Dealing With Body Temperature Loss In The Wilderness

The instructor in the survival class was standing outside a lean-to shelter constructed of parachute nylon. As the sun beat down on his students, it was difficult for them to imagine the frozen environment which he was describing.

“If you are on an aircraft which crashes, or you are forced to bail out of a disabled aircraft, and you live through the experience only to find yourself in an arctic wasteland, you will need what I am about to give you,” he said.

This caught everybody’s attention. A survival tool (toy) was going to be issued. Wrong again! It was just another way of getting the troops to wake up for a few more minutes.

Years later, very few of those in attendance will remember every detail of the class. Very few, however, will forget the incredulous reactions when this expert said, “If you get wet: take your clothes off. Quite simply, if you fall into water, get into some kind of shelter, and get your clothes off as quickly as possible. It is better to be cold and dry than cold and wet.”

The idea, of course, is to allow the water in and on your clothes to freeze solid, then break the ice away, leaving dry clothes. Still, cold is cold.

Heat is a form of energy. It is actually the common term for the kinetic energy (energy of motion) of the molecules of a substance. Temperature is the measurement of that stored energy.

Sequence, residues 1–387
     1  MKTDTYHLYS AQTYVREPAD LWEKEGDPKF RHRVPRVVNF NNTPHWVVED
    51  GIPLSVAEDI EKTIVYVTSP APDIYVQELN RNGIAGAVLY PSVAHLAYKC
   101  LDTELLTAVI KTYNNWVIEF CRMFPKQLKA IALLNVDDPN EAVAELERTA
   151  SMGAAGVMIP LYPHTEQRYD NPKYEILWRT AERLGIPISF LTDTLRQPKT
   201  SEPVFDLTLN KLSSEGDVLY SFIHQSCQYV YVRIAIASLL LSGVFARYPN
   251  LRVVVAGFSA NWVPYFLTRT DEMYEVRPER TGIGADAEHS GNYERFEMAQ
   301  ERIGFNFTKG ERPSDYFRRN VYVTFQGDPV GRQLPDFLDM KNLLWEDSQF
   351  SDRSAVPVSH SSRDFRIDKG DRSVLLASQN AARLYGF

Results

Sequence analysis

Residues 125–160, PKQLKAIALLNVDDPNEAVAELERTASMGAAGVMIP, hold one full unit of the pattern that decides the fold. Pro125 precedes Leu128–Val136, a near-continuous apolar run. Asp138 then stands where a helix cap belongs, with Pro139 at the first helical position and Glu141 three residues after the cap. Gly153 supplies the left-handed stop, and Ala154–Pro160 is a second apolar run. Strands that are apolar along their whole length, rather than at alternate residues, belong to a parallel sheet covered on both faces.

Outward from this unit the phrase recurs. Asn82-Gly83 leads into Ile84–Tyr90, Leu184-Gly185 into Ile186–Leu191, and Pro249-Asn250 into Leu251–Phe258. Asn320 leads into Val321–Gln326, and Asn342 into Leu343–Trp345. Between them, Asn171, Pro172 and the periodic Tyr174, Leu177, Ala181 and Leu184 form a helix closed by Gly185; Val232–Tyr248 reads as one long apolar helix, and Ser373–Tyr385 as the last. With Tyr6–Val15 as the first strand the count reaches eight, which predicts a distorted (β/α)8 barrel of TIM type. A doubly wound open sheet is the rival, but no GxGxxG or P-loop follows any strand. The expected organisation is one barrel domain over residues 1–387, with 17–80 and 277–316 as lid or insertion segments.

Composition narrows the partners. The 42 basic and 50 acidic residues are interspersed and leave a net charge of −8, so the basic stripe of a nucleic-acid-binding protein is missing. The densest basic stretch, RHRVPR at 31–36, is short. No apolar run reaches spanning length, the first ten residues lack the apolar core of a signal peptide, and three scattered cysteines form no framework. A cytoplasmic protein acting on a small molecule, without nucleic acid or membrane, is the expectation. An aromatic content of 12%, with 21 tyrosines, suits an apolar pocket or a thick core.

🌡️ Normal body temperature

Taking Risks

The greater the molecular motion of an object, the greater the amount of kinetic energy or heat the object possesses, and the higher its temperature is said to be. All matter possesses heat. The human body must maintain a certain amount of heat energy (temperature) to function.

The body temperature of a healthy adult is considered to be 98.6 degrees Fahrenheit (F) and 99 degrees F if moderately active. A temperature of 105 degrees F or higher is considered to be hypothermia, while a temperature of 95 degrees F or less is generally considered hypothermia.

Once these limits are exceeded by only a few degrees, the body is seldom able to return itself to a norm thermic condition, and if external assistance is not forthcoming, the situation will worsen rapidly and can result in death.

The body maintains its temperature through a series of actions. If special heat-sensing organs note a rise in body temperature, they send nerve impulses to the temperature control center located in the hypothalamus.

The hypothalamus reacts by triggering the dilation of cutaneous (skin) blood vessels, thus shunting blood from the deeper organs to the skin where it can be cooled. Sweat glands are stimulated, causing them to increase secretions. Voluntary muscles relax. This discourages work and therefore decreases heat production. Metabolism is also decreased in an attempt to limit thermogenesis (heat production) by that means.

When other sensing organs, (end bulbs of Krause) located at about 150,000 points near the skin surface, note that ambient temperature is substantially lower than normal body temperature, they too advise the temperature control center of the hypothalamus of the situation.